Connected Nation - Interview: Jodie Eastwood, Knowledge Quarter
Supplementary content information
Jodie Eastwood is Project Manager at the Knowledge Quarter, a consortium of over 55 knowledge based institutions within a one mile radius of Kings Cross including Google, The British Library, the Wellcome Trust, Guardian News & Media.
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Jodie Eastwood, Knowledge Quarter
So I’m Jodie Eastwood, I currently lead on an organisation called Knowledge Quarter, and I am here today as the EPSRC kindly approached me to partner with them on this particular event. As an organisation we work with cultural institutions, with higher education institutions and from STEM as well, so I was really interested in exploring this idea of the Connected Nation and what that means in the wider realm as well. My background is actually in creating these types of collaborations. I worked on an Arts and Humanities Research Council project, so for me I was really interested in looking at how other research councils do the type of work that I've been subject to at the AHRC.
So for me it was a discovery, it was looking at the way the EPSRC engages, not just with the businesses but with the academics as well, and perhaps sort of looking at the slight differences the two Research Council have in that respect, and perhaps what they can learn from each other as well. I think research inherently is about connecting. As I said I've worked in the industry for some now and sometimes you know we move away from the idea that it’s people that run these kind of collaborations and projects. And I think for me that's the exciting thing here, is the focusing on the people that make the knowledge exchange happen, and the relationships that are developing between higher education institutions and businesses in order to facilitate innovation.
I think for me it’s this idea of Connected Nation, embedded in the ways in which Research Councils work. Rachel Cooper mentioned in her speech earlier about how she had been working across the plethora of research institutions, in order for them to become more connected, and I think that's probably something that I'll take away. It's not just the importance of the collaboration but it's also the importance of the connection between the people that facilitate the collaboration.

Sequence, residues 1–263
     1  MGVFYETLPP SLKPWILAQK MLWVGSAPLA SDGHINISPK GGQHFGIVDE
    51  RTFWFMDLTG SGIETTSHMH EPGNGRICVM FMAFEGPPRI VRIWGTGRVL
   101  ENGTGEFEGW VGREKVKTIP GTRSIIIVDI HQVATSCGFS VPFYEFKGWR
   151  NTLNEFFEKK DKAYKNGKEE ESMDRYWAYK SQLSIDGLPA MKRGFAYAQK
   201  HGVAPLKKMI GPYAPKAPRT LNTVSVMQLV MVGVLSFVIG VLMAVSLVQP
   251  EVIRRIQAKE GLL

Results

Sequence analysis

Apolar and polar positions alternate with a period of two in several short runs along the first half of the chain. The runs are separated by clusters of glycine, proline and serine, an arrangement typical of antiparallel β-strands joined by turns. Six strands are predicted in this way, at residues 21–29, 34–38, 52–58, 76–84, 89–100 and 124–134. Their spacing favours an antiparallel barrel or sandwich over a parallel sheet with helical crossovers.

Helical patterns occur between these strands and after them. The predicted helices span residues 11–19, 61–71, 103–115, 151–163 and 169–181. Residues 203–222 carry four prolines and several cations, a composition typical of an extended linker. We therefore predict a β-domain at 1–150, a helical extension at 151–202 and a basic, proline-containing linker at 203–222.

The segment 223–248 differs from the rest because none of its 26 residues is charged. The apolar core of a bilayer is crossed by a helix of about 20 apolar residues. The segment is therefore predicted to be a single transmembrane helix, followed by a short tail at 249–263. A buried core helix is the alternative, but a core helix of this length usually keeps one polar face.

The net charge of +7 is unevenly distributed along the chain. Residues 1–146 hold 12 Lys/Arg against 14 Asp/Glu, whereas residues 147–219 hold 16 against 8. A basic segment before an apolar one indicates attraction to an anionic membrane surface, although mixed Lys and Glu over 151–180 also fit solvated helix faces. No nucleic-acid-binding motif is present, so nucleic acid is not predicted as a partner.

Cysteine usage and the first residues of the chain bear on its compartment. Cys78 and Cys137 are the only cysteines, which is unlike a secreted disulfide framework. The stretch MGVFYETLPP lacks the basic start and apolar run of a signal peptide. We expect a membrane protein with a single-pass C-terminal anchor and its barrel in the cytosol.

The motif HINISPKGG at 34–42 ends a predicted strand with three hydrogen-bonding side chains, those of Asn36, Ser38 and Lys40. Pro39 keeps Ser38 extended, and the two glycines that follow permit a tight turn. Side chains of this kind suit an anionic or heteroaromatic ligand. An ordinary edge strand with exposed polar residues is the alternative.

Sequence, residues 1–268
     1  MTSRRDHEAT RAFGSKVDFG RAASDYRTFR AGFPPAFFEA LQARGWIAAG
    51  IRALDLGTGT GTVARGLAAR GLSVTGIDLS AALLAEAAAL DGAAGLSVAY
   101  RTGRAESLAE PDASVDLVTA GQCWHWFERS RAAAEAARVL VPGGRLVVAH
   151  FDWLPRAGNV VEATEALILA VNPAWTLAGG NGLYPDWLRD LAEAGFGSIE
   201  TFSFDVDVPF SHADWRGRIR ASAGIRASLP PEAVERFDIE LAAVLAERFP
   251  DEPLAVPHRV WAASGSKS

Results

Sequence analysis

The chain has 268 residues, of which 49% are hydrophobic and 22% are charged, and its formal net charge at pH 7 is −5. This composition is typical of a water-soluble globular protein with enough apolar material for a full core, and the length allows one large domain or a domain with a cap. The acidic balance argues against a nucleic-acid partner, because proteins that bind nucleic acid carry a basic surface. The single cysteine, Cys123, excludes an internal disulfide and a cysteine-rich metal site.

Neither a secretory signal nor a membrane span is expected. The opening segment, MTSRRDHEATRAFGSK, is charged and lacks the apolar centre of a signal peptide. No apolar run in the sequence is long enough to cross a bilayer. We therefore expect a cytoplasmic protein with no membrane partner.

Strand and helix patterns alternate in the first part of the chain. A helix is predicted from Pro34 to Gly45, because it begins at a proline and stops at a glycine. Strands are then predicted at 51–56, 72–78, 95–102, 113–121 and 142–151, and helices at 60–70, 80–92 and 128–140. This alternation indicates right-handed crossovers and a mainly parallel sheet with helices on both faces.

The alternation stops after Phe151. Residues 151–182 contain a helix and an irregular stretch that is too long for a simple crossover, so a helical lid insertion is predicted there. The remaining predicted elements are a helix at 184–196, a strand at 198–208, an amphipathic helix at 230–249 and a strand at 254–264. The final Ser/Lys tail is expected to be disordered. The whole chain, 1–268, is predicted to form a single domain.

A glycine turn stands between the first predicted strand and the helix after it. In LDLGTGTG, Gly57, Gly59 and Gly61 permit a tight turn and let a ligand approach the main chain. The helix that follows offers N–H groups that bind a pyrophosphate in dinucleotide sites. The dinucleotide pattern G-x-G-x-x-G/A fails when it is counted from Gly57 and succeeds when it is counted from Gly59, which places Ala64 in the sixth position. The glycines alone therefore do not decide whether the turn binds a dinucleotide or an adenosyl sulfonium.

I think first and foremost, academic institutions can seem very impenetrable. For businesses, engaging with academics can seem difficult and somewhat cumbersome, but there are individuals within institutions that can support this kind of research collaboration. So engage with the business development managers, engage with the knowledge exchange experts, and they can then lead you to the right places within the academic institutions to form the relationships with the academics.
I think the other thing to remember is - again I'm throwing it all out here about people and about how it's about relationships with people - you know the projects, and the outcomes, and the impact and REF are all very high on the list of agendas for academia; however the relationships that you form when collaborating can lead to so many more things down the line, but it's really important to be able to collect on that individual level. I moved away from academia into the realm of knowledge through the Knowledge Quarter, because I was particularly interested in how and why institutions - not just research-focused but also others - can discuss and talk about and be introduced to a safe space in which to collaborate. I think that by the very nature of knowledge it's important for research institutions of whatever type to be open to collaboration as well as facilitate it.